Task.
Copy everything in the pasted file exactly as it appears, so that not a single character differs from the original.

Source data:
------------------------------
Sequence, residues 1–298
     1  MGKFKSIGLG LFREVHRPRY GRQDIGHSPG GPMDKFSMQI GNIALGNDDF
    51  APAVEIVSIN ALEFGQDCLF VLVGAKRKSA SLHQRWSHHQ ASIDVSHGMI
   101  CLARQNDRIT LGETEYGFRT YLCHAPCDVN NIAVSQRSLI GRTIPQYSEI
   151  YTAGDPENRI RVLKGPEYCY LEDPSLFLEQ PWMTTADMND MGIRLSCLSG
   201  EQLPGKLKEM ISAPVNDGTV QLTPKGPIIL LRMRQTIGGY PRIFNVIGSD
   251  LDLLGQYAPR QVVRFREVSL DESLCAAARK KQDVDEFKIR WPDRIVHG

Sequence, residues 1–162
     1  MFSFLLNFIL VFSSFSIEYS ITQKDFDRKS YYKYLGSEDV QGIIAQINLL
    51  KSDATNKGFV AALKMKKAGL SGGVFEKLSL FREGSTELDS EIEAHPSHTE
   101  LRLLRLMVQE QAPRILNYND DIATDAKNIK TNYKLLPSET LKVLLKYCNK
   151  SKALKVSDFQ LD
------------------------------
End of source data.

Sequence, residues 1–298
     1  MGKFKSIGLG LFREVHRPRY GRQDIGHSPG GPMDKFSMQI GNIALGNDDF
    51  APAVEIVSIN ALEFGQDCLF VLVGAKRKSA SLHQRWSHHQ ASIDVSHGMI
   101  CLARQNDRIT LGETEYGFRT YLCHAPCDVN NIAVSQRSLI GRTIPQYSEI
   151  YTAGDPENRI RVLKGPEYCY LEDPSLFLEQ PWMTTADMND MGIRLSCLSG
   201  EQLPGKLKEM ISAPVNDGTV QLTPKGPIIL LRMRQTIGGY PRIFNVIGSD
   251  LDLLGQYAPR QVVRFREVSL DESLCAAARK KQDVDEFKIR WPDRIVHG

Sequence, residues 1–162
     1  MFSFLLNFIL VFSSFSIEYS ITQKDFDRKS YYKYLGSEDV QGIIAQINLL
    51  KSDATNKGFV AALKMKKAGL SGGVFEKLSL FREGSTELDS EIEAHPSHTE
   101  LRLLRLMVQE QAPRILNYND DIATDAKNIK TNYKLLPSET LKVLLKYCNK
   151  SKALKVSDFQ LD